“If you can get two or three of them playing really well at the same time, our team is so much better,” Miller said. “That’s the quest, that’s the challenge. I challenged the guys today … we started to get some results.

“I think our backcourt is due to sort of break out and have some guys play well.”


  1. Is it possible there’s a lack of continuity on the floor and securing “good shots” and “better looks” isn’t happening because there is divvying of too many minutes between four frequently rotated guards?

    Upperclassmen vs. underclassmen…? Expectations of a senior in getting his playing time vs. Quickly improving freshman getting on the floor?

    Frustration levels in all guard play increases as leadership roles in the backcourt remain undefined?

    Shots don’t fall because guards so frequently rotated can’t get into a rhythm?

    Post/inside play suffers because there is not enough familiarity between the habits , entry pass/delivery methods, penetration style, signal
    /cues, eye to eye communications within the excessive rotations of the backcourt?

    I like the young blood (Franklin & Phinisee) getting a large majority of backcourt minutes (foul trouble or needed short breather being the only reasons to find pine). Will that happen? Nope.
    Problems won’t get fixed, continuity and leadership will not evolve, until we see a real tightening up of the backcourt. But if the tightening up means primarily riding the season on the shoulders of Durham & Green? Then I’m not too confident with that decision(version of tightening up) as well.

    You should have been tougher earlier, Arch. If that meant encouraging certain guys to transfer a couple years ago, then that’s when the hard decisions should have been made. You are now a product of your own delays and safe hand plays.

    Tighten Up!…..the rotations.

  2. It’s simple to be an a$$ to the media…It’s easy to portray confidence and assert certain comments from fans circulating around are “BS” when conducting interviews. Basically, it’s easy to act like you’re tough and matter-of-fact when dealing with those removed from the inner circle of a team.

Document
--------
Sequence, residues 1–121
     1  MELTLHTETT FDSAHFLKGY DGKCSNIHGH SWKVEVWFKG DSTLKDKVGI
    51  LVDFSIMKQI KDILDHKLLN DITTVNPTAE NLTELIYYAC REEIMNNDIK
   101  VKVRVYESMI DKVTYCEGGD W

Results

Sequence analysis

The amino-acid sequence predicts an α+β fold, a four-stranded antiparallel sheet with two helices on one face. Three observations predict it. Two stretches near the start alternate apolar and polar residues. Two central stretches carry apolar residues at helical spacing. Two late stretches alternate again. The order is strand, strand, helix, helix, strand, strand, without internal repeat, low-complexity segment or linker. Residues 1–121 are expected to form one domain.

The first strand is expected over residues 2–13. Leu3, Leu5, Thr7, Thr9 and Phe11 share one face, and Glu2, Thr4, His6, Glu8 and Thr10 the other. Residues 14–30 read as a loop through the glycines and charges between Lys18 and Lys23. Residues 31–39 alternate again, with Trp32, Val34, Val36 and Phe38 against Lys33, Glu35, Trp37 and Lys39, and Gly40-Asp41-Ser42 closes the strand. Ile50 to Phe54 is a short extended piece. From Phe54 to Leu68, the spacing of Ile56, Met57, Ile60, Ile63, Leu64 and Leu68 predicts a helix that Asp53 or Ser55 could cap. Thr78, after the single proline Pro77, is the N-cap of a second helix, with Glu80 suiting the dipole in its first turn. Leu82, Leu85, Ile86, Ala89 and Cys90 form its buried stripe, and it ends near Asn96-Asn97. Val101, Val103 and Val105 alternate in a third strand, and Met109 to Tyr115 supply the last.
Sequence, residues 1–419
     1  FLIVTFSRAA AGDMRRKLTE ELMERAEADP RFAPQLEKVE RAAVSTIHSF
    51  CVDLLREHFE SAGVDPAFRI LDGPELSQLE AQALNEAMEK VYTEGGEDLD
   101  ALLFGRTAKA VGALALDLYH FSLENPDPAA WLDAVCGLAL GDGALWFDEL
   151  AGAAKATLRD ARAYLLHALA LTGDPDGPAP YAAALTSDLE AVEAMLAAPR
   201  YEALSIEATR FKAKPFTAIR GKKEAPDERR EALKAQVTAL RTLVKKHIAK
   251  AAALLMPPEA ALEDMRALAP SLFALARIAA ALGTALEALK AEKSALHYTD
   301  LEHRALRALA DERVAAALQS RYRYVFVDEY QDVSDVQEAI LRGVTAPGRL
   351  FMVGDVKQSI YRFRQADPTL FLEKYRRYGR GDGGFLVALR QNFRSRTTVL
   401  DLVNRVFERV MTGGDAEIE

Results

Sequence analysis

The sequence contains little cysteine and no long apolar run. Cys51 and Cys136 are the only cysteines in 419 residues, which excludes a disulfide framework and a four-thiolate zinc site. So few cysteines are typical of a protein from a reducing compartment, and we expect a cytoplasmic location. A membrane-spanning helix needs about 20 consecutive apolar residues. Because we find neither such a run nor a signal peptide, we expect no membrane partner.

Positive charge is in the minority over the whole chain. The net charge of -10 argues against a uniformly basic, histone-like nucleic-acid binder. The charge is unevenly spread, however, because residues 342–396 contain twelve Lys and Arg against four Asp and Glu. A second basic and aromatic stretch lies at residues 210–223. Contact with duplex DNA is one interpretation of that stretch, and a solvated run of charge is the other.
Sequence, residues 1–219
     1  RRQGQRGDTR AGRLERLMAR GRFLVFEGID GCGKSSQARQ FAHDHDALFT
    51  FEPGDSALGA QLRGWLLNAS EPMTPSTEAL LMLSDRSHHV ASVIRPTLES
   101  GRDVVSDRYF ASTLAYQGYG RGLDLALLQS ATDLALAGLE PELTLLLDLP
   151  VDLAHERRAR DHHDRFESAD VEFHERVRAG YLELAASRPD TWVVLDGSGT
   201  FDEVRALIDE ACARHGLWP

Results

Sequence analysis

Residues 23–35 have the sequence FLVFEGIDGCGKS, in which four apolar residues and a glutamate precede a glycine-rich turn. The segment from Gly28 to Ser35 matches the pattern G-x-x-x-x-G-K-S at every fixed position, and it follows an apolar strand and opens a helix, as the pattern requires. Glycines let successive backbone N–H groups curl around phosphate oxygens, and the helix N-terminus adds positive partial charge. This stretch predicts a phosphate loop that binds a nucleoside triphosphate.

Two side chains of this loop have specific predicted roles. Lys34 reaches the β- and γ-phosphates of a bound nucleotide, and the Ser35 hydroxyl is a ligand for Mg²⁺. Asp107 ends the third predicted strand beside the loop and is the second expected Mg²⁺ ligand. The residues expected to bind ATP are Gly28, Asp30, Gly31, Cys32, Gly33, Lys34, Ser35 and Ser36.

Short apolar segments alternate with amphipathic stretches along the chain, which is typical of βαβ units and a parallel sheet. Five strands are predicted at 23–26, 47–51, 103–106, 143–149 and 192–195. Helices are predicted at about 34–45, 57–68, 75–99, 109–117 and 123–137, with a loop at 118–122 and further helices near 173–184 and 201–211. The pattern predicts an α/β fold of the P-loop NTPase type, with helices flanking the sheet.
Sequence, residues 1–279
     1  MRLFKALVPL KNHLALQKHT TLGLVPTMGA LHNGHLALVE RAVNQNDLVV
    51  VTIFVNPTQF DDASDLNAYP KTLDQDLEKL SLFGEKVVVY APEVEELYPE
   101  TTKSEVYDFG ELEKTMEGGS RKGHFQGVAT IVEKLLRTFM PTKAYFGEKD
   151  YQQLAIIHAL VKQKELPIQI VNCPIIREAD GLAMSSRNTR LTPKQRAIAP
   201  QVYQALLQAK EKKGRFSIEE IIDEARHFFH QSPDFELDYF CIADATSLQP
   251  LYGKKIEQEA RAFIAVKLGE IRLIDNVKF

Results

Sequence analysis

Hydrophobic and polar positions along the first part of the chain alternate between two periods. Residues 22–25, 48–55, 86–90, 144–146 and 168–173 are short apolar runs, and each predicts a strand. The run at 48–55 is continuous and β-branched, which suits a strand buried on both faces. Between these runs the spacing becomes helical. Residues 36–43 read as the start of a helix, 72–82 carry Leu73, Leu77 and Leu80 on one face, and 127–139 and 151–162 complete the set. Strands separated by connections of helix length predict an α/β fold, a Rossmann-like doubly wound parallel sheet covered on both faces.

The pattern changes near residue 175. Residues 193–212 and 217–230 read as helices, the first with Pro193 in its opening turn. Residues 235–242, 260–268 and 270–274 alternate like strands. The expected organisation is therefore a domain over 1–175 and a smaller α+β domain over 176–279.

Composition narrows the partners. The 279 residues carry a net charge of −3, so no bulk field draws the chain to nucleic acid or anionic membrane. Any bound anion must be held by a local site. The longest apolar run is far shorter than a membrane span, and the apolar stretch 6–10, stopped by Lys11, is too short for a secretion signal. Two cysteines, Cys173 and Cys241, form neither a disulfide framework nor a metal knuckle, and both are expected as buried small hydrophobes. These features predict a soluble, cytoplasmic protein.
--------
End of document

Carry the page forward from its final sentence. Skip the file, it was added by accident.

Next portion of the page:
I don’t think it’s so easy in locker rooms and practice floors. It’s far more a balancing act and sometimes certain coaches simply can’t balance the best needs of a team vs. the feelings/emotions of those being coached. Tough love is difficult when a coach wasn’t responsible for bringing a particular recruit to a program. Balancing acts become far more difficult for a coach dealing with his predecessor’s recruits because there were no set early expectations from time of recruitment throughout the evolution process as a player. The new coach is dealing with placing a new reality upon kids who had different expectations and emotional investments based on the beliefs of someone no longer coaching.
    When a house is cleaned (via a scandal or witch hunt), there are no balancing acts. Bench players had no expectations. Every new face feels blessed to get quick playing time.
    I think you live in a dream world if you believe Archie has it easy managing expectations and emotions of young men he was never initially invested in from the time of recruitment.
    Acting tough and somewhat defensive in saying certain opinions are “BS”…is, potentially, a bit of a “tell” or an overcompensation of the toughness in the realm of quiet and private coaching duties not quite so simple.

  3. Wow, what a concept….better shots = better shooting %. Knight all over that one. When Knight’s teams excelled they led the Big Ten in FT% and FG%.